The New York Times recently published a stimulating -- there's no better way to describe this sensory experience, believe me -- feature story/package. And everyone's talking about it.
'Snow Fall: The Avalanche at Tunnel Creek' is brilliant for a number of reasons. It demonstrates one way to lay out a feature story online. It demonstrates the Times' leadership in this regard, certainly among newspapers, and its dedication to R&D. And it demonstrates the "multimedia journalism" that so many j-schools have been trying to figure out for so long. (Turns out there's a better way to do it than writing a print story and tacking on a related audio slideshow.)
But along with the praise -- and it was considerable; NYU's Jay Rosen called it "a break point in online journalism" -- came the criticism. "This is why American journalism is failing," tweeted a curmudgeonly Milo Yiannopoulos. It "isn't the future of journalism," wrote The Atlantic's Derek Thompson, setting up a straw argument he would quickly debunk with more nuance.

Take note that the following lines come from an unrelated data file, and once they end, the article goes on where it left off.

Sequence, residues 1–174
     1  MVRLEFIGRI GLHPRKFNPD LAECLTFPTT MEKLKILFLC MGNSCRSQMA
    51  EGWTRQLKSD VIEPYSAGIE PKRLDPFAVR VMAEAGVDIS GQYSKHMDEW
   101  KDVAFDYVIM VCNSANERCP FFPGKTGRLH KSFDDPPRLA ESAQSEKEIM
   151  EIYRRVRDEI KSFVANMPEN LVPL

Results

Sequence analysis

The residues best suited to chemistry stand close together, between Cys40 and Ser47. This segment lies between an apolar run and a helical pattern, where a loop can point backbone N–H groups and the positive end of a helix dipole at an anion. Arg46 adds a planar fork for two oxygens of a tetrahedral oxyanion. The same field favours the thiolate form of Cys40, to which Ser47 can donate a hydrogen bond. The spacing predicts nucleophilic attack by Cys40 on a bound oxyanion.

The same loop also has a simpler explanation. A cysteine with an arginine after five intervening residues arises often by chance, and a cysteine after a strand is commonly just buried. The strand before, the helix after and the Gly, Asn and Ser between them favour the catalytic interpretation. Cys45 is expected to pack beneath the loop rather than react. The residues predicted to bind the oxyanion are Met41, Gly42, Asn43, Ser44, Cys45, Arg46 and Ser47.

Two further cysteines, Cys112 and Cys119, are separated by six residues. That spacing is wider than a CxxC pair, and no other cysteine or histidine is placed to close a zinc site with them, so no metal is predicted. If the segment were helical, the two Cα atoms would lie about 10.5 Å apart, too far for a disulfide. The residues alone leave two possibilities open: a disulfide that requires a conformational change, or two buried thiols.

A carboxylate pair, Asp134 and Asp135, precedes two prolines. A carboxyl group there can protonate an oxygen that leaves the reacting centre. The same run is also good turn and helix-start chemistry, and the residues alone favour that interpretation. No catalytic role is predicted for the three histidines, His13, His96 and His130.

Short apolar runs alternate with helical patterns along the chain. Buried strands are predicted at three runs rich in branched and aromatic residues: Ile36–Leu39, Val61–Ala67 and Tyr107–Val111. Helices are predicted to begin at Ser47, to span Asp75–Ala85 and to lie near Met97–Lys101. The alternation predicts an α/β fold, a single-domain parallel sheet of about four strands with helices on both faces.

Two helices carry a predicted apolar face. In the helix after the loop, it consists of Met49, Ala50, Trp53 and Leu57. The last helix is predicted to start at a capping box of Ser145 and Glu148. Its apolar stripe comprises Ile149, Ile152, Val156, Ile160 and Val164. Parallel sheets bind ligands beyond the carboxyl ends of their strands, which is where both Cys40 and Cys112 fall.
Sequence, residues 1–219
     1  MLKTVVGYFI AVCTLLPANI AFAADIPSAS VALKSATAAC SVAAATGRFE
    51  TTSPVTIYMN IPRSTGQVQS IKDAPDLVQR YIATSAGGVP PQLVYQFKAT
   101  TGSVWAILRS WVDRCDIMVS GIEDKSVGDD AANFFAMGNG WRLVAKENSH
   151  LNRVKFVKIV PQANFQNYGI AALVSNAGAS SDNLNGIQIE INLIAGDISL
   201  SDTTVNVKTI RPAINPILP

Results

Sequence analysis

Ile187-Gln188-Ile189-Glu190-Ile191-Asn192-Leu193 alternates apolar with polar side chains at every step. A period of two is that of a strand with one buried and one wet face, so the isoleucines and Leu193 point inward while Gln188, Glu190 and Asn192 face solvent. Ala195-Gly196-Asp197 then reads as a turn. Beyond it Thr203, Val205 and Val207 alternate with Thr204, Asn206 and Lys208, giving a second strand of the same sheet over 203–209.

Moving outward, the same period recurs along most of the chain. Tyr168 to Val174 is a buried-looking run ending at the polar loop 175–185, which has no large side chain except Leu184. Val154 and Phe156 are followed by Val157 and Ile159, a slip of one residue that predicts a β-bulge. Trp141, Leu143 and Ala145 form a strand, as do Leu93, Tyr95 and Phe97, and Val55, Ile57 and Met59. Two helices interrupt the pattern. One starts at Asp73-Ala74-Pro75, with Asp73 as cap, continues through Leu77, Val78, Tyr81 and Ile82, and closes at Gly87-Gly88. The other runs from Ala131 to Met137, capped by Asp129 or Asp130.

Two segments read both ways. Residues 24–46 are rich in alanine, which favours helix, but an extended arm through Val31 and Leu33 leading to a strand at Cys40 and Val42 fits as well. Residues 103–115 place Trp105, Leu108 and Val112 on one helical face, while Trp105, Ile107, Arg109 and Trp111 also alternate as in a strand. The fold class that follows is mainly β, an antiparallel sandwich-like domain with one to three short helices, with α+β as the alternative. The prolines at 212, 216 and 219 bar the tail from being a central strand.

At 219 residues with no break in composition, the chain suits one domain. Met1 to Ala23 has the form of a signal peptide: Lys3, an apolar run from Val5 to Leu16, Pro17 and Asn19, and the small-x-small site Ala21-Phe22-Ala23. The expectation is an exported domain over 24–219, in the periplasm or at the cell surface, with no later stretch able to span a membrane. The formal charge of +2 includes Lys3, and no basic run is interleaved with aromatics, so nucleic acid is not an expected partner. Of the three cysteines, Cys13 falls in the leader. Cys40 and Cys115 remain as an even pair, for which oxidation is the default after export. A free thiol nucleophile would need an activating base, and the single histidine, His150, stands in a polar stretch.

But nuance is sorely missing in all of this. Let's be clear: 'Snow Fall' is the future of digital storytelling, not the future of digital news. And that's a key distinction.
I'm tired of the word "journalism." What does it mean? It's the act of informing an audience about goings-on, as best as I can define it. It's not publishing (or broadcasting or...); no, that's the mechanism and business around it. And it's not reporting, though that's a key component of good journalism. Journalism is not monolithic.
To assert or deride the suggestion that 'Snow Fall' is the future of journalism, then, is to make a false argument. The he said, she said backlash to the issue is rife precisely because everyone is taking a narrower definition to the concept and running with it. How frustrating!
(It's precisely why criticism of "bad journalism" for blogging and "conflicts of interest" when lobbied at magazine editors rings just as hollow. Blogging? Not necessarily reporting! Magazines? Not necessarily news organizations!)
So let's embrace 'Snow Fall' for what it really is: an exceedingly interesting and discussion-provoking way to tell a story. It's not about the money, and it's not about the business model.
It's about the story.